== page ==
BBC Symphony Orchestra/Osmo Vanska, Barbican, London

Playing safe doesn't pay
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When there's a Finnish guest conductor, there's Sibelius. This rule of programmers' stereotyping is so fixed that even Esa-Pekka Salonen doesn't always escape. No chance then for Osmo Vänskä, visiting the BBC Symphony Orchestra with credentials that include an admired set of Sibelius symphony recordings, and sure enough there was the tone poem "Tapiola" to start the evening. It turned out finely detailed and excitable with woodwind leading the action, short of the big picture – and not typical of the rest of the concert, a strange collation of four pieces, any three of which went together.

Centrepiece was the Cello Concerto No 1 by Shostakovich, featuring the Norwegian soloist Truls Mork. Some cellists, such as Rostropovich, play through their instrument, using it as a vehicle for urgent expression. Mork first of all plays the instrument itself, and who would blame him? He has an 18th-century Italian cello with such superb tone you could listen all day just to the sound. Mork treated it, and the concerto, with love, respect and a highly disciplined technique. That took him a good way down the road with Shostakovich, and this performance had a steady lucid gaze which led to several moments of musical illumination. It's unusual to hear in full how ingeniously the final stages superimposed music from earlier on, because you often just see the cellist scrubbing away while the orchestra takes over. With Vänskä a like-minded collaborator, this time all was clarity. Still, while it's someway down the road it's not the full distance, because if good behaviour were all that Shostakovich was about, he'd have had a rather different time with the Soviet censors.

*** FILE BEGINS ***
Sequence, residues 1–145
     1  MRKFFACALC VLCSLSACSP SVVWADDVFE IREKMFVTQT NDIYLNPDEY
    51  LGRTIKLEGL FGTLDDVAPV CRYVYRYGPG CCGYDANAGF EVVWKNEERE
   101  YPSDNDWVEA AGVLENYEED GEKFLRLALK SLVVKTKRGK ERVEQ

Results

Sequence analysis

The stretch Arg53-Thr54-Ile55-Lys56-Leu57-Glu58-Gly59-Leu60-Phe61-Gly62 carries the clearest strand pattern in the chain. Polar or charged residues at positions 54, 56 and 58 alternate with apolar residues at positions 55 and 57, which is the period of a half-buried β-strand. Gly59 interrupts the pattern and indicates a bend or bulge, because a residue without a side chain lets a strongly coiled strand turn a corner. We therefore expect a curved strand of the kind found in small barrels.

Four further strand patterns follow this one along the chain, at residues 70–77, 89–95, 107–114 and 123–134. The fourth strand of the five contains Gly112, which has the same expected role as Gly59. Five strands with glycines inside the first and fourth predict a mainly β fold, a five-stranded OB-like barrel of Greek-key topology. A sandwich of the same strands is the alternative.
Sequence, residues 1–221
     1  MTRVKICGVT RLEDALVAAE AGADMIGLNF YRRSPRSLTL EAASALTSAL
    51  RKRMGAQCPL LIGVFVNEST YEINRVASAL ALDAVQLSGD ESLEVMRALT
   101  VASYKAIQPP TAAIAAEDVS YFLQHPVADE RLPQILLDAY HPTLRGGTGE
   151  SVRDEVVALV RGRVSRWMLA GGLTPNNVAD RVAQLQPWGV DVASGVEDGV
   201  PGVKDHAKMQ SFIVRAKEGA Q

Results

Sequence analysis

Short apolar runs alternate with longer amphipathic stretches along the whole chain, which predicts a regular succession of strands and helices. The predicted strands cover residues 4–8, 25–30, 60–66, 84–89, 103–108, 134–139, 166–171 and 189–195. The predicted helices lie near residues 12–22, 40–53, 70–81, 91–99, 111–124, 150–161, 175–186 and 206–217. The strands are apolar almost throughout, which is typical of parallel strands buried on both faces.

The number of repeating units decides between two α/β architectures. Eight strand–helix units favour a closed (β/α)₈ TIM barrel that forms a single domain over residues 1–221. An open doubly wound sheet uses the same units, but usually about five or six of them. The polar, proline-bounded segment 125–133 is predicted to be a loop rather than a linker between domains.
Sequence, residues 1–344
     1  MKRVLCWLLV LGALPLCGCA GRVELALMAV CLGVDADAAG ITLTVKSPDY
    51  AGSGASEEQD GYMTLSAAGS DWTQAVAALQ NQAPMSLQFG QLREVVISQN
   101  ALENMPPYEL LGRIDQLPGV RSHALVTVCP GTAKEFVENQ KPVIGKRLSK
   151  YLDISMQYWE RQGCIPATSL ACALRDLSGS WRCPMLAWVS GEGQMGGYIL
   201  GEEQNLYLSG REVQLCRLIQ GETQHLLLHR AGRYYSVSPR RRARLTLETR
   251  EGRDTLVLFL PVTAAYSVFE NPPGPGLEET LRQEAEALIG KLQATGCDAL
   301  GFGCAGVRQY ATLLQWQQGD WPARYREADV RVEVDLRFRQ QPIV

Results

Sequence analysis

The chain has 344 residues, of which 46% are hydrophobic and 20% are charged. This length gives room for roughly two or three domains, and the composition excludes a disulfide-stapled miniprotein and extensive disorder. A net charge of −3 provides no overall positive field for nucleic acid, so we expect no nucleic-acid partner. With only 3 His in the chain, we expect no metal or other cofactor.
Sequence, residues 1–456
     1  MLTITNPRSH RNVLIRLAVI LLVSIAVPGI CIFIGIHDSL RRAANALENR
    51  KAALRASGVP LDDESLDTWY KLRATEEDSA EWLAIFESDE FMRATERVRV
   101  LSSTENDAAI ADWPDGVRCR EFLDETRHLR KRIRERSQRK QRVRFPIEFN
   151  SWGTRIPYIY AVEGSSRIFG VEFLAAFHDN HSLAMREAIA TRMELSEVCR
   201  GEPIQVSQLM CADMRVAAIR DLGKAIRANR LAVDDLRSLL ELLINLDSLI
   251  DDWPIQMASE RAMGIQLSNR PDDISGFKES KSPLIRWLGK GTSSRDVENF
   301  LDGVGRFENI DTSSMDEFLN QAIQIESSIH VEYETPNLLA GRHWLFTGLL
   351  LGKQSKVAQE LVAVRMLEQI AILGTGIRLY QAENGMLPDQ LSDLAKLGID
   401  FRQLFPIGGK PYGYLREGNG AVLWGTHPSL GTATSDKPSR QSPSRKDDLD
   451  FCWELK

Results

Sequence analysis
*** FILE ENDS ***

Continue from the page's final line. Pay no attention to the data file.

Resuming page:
The concert's extra egg turned out to be the "Fairytale Poem" by Sofia Gubaidulina, and you could hear why it got there – it's so captivating that it just had to be slipped in. She wrote it 30 years ago as music for a children's radio story, and didn't for a long while want it played alone. But this isn't the dodgy kind of children's music that talks down, it's grown-up Gubaidulina only in miniature, making the most of the light textures to produce magical sound and an unforgettable arching tune that finally flowers high on the strings.

After the quirky Beethoven that London has been having from Michael Tilson Thomas and Mikhail Pletnev here at last was some sane Beethoven. The playing in his Symphony No 7 was strong, soundly balanced and vigorous, at a fairly road pace in the first two movements and on the safe side of fast later on. Shunning traditional Viennese-style habits, it did exceptionally well with the tricky things – obsessive rhythmic patterns, long crescendos.

But this is the composer's least sane symphony and, as with Shostakovich, it needs more than discipline to work. There's a dimension missing from Vänskä's rigid, unchanging speeds – the sense of playing dangerously with time – without which Beethoven lacks his full, awesome charge of new-found freedom.